King Lear - Week 4 - Showtime?
You shall get it by running:
‘Truth’s a dog that must to kennel. He must be whipped out, when Lady Brach may stand by th' fire and stink.’
Writing a blog about rehearsals isn’t hard but it isn’t easy either.
How much can I say without revealing too much?
Idea and process give birth to a potential rift … theatre gossip even. I’m sure you’d love that, ‘Truth’s a dog’ (as the fool would say) rifts are as important as bonds - you get an understanding of perspective?
It’s difficult to talk about things going well all the time. I now understand why controversy makes the front pages while good news rarely does. So this week’s blog is about controversy, and good news.
Shakespeare = Drama. Drama makes a good story great.
Week 4... in the thick of things ...
Act 3 is our first target. It needed fine tuning, we all thought. Last week we spoke about scenes informing scenes, acts do the same thing. A chain - links - connections - life.
We reworked the whole of Act 3 to good effect.
Make a move
A session with Kevin McCurdy tightening up those combat sequences ... in fact he worked in a few new moves.
Meanwhile Coral Messam refined the foul fiend’s possession movement and Jo our lighting designer began to influence on our blocking (actors/action need to be lit especially if you’ve a cast with people of colour, new designers take note).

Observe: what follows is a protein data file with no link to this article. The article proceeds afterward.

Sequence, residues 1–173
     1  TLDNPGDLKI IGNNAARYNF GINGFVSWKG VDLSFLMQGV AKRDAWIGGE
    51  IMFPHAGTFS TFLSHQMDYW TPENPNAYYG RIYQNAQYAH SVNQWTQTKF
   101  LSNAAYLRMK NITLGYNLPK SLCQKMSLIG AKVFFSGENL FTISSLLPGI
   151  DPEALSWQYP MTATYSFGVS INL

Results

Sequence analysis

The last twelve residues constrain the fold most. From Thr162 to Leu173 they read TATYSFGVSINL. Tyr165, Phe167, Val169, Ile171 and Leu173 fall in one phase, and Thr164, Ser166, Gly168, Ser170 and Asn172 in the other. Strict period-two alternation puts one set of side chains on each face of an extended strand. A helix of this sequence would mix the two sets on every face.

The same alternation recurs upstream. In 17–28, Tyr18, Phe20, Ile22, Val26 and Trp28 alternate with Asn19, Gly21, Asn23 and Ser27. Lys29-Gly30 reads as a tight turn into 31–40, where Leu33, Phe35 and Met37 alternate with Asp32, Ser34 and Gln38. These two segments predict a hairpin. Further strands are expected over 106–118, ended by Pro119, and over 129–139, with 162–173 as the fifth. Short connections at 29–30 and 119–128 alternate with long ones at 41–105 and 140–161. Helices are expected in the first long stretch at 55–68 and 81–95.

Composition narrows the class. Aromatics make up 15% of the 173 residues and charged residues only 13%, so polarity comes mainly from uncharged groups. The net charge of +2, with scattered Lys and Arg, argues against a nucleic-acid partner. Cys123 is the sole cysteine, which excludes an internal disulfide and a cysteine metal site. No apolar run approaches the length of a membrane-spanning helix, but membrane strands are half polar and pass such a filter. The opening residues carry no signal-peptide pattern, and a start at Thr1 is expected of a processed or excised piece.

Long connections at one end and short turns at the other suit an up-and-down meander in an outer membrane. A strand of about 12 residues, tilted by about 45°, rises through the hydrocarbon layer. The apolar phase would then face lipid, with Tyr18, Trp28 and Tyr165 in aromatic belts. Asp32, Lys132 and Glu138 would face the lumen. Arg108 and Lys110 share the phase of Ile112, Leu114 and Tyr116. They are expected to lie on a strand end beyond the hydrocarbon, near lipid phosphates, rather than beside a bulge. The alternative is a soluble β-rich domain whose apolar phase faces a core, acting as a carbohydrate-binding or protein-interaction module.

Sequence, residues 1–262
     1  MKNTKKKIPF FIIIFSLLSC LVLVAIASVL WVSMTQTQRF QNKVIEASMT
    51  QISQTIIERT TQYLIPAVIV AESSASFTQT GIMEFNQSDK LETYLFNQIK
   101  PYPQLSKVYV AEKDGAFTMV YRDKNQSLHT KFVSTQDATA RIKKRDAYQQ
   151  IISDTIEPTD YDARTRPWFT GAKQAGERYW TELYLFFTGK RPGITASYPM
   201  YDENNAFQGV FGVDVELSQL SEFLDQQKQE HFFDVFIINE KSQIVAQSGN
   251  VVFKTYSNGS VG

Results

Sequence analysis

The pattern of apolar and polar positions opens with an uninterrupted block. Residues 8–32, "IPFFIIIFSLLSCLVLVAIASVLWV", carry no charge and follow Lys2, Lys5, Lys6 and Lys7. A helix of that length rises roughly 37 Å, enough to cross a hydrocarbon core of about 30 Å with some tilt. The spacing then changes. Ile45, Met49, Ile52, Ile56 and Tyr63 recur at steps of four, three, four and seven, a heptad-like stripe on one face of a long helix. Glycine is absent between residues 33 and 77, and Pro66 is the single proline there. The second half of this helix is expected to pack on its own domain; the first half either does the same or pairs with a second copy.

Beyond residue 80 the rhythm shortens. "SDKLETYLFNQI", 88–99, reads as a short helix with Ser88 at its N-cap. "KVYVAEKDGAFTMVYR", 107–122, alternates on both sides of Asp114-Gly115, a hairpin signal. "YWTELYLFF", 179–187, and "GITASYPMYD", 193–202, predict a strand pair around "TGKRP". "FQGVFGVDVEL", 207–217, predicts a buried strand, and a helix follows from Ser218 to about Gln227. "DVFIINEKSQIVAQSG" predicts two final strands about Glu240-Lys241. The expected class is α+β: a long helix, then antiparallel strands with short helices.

Tayo Akinbode, our sound designer, is also a musician, and he created an atmosphere to support the text and action. Everything is coming along well.
Then ...you’re running on Saturday!
'When we are born, we cry that we are come to this great stage of fools'
Weekend rehearsals. Hmmm ... It goes like this - tell the company that you’ll be working on weekends during the casting and recruitment process and usually it’s “Sure that’s fine”. Remind them the week before we scheduled it and it’s “what time do we finish (aside) I had plans.” ... yup, me included. But eventually our Saturday rehearsal is dedicated to running our first half.
Now here’s the controversy. If half the company want to continue working through scenes and the other half want to run - what do you do?
'Men must endure their going hence even as their coming hither' ......
A technical requirement: Jo our lighting designer and Tayo our sound designer needed to see the acts in their entirety ... it was the only way they could collaborate to create the right atmosphere to support the production. Phew!
That was pretty much our storm. A lot less sound and fury than we thought. Really.
And so, into 'the module' - an amazing space for great theatre.
King Lear in pictures